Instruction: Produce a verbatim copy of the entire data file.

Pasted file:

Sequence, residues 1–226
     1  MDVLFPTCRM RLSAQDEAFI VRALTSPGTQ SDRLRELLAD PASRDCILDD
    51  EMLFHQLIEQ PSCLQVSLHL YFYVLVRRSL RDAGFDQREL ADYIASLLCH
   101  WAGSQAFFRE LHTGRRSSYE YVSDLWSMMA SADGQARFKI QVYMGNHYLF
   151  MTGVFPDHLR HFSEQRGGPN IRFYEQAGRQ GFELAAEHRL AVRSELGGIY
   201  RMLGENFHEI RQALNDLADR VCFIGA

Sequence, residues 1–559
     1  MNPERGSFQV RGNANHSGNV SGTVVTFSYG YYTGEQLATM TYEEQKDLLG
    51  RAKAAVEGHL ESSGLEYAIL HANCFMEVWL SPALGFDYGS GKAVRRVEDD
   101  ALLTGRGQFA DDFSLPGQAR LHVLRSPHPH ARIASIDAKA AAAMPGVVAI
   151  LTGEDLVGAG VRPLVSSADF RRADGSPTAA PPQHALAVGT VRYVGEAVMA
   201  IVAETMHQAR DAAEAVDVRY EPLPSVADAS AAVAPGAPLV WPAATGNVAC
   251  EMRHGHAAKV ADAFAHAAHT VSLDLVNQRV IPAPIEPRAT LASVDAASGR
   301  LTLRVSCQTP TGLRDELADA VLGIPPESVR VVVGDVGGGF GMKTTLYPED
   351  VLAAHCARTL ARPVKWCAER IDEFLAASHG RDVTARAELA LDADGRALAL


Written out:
Sequence, residues 1–226
     1  MDVLFPTCRM RLSAQDEAFI VRALTSPGTQ SDRLRELLAD PASRDCILDD
    51  EMLFHQLIEQ PSCLQVSLHL YFYVLVRRSL RDAGFDQREL ADYIASLLCH
   101  WAGSQAFFRE LHTGRRSSYE YVSDLWSMMA SADGQARFKI QVYMGNHYLF
   151  MTGVFPDHLR HFSEQRGGPN IRFYEQAGRQ GFELAAEHRL AVRSELGGIY
   201  RMLGENFHEI RQALNDLADR VCFIGA

Sequence, residues 1–559
     1  MNPERGSFQV RGNANHSGNV SGTVVTFSYG YYTGEQLATM TYEEQKDLLG
    51  RAKAAVEGHL ESSGLEYAIL HANCFMEVWL SPALGFDYGS GKAVRRVEDD
   101  ALLTGRGQFA DDFSLPGQAR LHVLRSPHPH ARIASIDAKA AAAMPGVVAI
   151  LTGEDLVGAG VRPLVSSADF RRADGSPTAA PPQHALAVGT VRYVGEAVMA
   201  IVAETMHQAR DAAEAVDVRY EPLPSVADAS AAVAPGAPLV WPAATGNVAC
   251  EMRHGHAAKV ADAFAHAAHT VSLDLVNQRV IPAPIEPRAT LASVDAASGR
   301  LTLRVSCQTP TGLRDELADA VLGIPPESVR VVVGDVGGGF GMKTTLYPED
   351  VLAAHCARTL ARPVKWCAER IDEFLAASHG RDVTARAELA LDADGRALAL